Canada at the Olympics

Canada has been in almost all of the Summer Games since they first were represented in the 1900 Summer Games in Paris, France. Ronald MacDonald represented Canada in the marathon while George Orton ran the hurdles and steeplechase.

George Orton and Ronal MacDonald were not officially introduced as the Canadian national team until later since George Orton came with the US delegation to the Games. In 1900, George Orton made history by being the first to bring home an Olympic medal to Canada. Orton won not one, but two Olympic medals. He took the bronze for the men's 400 meter hurdles and the gold in the men's 2500 meter steeplechase.

The 1900 Summer Games also set a trend for Canada as one of the consistent medal winners because from their very first outing, Canadian athletes have won Olympic medals except in 1980 when Canada participated in the US-led boycott of the Moscow Games. Canada has also won gold medals in every Summer Games except in 1924, 1948 and 1972. Canada has indeed established itself as one of the perennial powerhouse of the Summer Games.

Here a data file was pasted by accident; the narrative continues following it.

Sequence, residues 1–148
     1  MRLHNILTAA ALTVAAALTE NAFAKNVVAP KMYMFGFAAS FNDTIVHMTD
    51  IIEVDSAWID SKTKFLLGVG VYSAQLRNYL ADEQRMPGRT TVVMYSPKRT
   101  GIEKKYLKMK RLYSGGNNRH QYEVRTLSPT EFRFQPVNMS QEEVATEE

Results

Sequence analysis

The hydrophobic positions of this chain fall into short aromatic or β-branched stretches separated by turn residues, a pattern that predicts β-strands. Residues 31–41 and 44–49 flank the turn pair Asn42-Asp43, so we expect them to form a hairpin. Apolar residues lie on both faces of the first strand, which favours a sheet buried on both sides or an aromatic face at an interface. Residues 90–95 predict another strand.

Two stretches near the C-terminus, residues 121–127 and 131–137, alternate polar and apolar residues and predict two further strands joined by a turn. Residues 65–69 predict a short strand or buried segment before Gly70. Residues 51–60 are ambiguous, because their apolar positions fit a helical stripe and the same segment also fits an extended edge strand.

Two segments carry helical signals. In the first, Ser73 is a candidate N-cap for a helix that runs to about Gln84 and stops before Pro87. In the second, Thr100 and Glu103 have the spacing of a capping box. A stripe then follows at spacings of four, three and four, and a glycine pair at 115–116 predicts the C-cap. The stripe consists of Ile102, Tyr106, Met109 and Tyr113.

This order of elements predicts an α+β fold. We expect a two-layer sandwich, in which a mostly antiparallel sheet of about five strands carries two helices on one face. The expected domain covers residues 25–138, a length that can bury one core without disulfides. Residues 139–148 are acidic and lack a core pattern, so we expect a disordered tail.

The story is not that much different for the Winter Games. Canada has been a part of the Winter Games since 1924. As a matter of fact, they have never been absent from the Winter Games since their debut. In 1924, the Canadian ice hockey team took the top spot in Chamonix, France establishing a strong precedence for Canada.

As with the Summer Games, Canada is also one of the top countries in the Winter Games winning Olympic medals in every outing and in 2010, Canada put up their best performance yet in the Winter Games. They not only hosted the Games but they also dominated the scoreboard earning the highest gold medal count of all of the participating countries. It was also their highest medal count in any Winter Games since their debut with a total of 26 medals, 14 of which are gold.

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